Hipster Are Boring is my hometown. It's where I'll always be from. It's the place where I can flop on the couch, crack open a cold can of Coke Zero, and talk about whatever. It's my oldest writing friend. Writing Hipsters has opened doors for me—an internship at Spacing magazine, and writing for Torontoist—and those doors have opened other doors. Those opportunities have given me a chance to dress my writing up, put it in a skirt and make it comb its hair.
It's taken me a long time to loosen up, to learn that, when I write for other people, I don't have to leave my sarcasm or my turns of phrases at the door. I used to think that my writing had to have a transatlantic accent: that any hint of my own voice had to be fluffed and flossed and smoothed and polished until it could be any old sap's byline; it just happened to be mine. And where did I learn how to do that?
Here, of course.
In a few weeks, I'm going to be launching a new writing project. It will reflect where I am now in my life—where my brain currently lives—and be narrower in focus. I'm excited to start something that feels slightly more curated than this shaggy, unwieldy blog...but I'm also excited to keep writing here.
In the inelegant backend of the Blogger website, against this never-changing background, I'll keep trying. Nobody cares if hipsters are boring anymore—we've moved past all that, with normcore and emo-rap and a million other post-hipster poses—but I damn sure care about Hipster Are Boring.
Saturday, March 5, 2016
In 2004, I moved back to Toronto after taking a year off school. Moving home after my freshman year was kind of a reset button: I needed to recalibrate after a horrible, no-good, very bad first attempt at university.
Most of that terrible experience was wrapped up in where I lived. In September of 2002, I moved into an all-girls residence run by nuns. There was a chapel on the ground floor; there was a crucifix above every bed. Though I wasn't Catholic, I had selected this residence based on the University of Toronto's colleges system. U of T runs seven different internal colleges, each with their own personality and specialty. They're mostly administrative constructs—each one takes care of a residence or two, runs courses, and houses libraries—but they vary widely from college to college. St. Michael's, where I first landed, was an older, more conservative college; it wasn't co-ed, it housed much of the seminary and religious materials, and its buildings were old and beautiful and seemed to make for a luscious living experience. It also promised a literary magazine, which in my eight years at U of T, I never once saw.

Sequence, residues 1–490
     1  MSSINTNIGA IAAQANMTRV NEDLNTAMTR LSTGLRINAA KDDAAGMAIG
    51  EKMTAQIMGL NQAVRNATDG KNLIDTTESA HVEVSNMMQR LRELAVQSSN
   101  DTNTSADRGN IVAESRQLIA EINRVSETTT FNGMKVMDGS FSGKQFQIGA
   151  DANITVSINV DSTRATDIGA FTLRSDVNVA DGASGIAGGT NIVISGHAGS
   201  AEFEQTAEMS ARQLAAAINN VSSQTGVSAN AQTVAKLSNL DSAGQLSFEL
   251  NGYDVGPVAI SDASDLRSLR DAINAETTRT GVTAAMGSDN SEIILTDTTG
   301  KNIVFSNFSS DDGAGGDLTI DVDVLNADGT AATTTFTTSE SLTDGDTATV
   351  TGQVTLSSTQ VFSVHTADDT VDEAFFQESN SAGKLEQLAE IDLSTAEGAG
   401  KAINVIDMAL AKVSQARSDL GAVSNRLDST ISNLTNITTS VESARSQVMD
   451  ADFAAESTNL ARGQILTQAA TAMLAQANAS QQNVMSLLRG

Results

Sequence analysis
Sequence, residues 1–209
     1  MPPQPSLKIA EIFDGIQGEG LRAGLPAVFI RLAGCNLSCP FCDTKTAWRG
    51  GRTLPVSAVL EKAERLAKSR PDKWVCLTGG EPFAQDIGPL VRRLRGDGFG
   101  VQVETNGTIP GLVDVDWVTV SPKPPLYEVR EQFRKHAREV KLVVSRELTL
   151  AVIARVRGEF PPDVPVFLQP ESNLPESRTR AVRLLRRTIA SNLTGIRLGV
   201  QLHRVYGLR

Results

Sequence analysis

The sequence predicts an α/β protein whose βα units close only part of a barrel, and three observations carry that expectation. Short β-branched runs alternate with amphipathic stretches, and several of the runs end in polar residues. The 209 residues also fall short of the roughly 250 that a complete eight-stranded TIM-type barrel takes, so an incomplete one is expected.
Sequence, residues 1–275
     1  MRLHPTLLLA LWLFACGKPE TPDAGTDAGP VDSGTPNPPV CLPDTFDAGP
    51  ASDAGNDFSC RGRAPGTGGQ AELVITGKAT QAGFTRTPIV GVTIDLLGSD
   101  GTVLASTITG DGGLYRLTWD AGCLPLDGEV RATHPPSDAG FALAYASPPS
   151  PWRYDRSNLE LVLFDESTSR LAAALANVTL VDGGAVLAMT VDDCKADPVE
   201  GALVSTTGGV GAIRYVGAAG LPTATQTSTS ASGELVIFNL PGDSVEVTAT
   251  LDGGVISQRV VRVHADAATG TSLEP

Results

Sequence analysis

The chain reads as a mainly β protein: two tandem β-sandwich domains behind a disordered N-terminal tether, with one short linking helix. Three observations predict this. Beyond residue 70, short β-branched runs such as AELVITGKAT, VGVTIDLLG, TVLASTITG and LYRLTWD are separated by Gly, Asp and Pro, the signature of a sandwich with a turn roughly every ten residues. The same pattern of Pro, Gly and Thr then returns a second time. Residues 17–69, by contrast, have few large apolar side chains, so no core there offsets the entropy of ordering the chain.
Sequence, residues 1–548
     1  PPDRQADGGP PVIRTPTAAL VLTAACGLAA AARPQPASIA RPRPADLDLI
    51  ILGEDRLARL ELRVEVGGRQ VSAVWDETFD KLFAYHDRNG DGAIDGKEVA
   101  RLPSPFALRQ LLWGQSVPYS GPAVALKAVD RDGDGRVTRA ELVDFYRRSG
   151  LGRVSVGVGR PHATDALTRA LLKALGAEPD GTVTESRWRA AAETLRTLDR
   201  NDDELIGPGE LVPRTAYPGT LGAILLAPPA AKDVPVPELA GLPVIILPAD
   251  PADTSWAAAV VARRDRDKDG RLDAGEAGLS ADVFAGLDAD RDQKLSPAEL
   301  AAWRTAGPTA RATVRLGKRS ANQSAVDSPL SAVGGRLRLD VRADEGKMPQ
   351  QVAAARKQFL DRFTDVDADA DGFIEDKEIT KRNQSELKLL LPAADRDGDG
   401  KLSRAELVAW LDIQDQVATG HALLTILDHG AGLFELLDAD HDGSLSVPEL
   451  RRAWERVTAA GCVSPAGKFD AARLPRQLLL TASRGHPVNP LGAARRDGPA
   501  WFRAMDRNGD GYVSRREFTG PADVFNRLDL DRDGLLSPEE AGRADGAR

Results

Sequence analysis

Long story short, I hated it. The nuns were dismissive, the food was awful, and the sheer pulsing drama of housing 300 eighteen year old girls at a single address is impossible to overstate. I made more best friends in my first year than I ever had before; I also embroiled myself in several totally insane fights, one of which centered around if I had stolen a Diet Coke from the communal fridge (I had not). It was exhausting. It was too much, too close.
So I took a year off, moved home, and thought hard about where I wanted to be. When my year was up—and I had once again waited on enough tables to realize that I don't always enjoy people all that much—I moved back to Toronto, re-enrolled (albeit this time at a different college), and moved into co-op housing.
Co-op was a game-changer for me. I lived there for eight years, at three different addresses. The set-ups varied: I had a room in a house, an apartment to myself, and then shared a floor with two other girls. There were things in common at each house: shared chores; housemates I adored and some I didn't like at all; amenities like laundry and newspapers that were available to everyone. There were meetings, sometimes lots of them: house meetings, annual members' meetings, council meetings, board meetings. Co-ops distinguish themselves from private rentals by being owned and governed by their members, which means that keeners (like, um, me) can run for the board of directors and work with staff to actually run the place.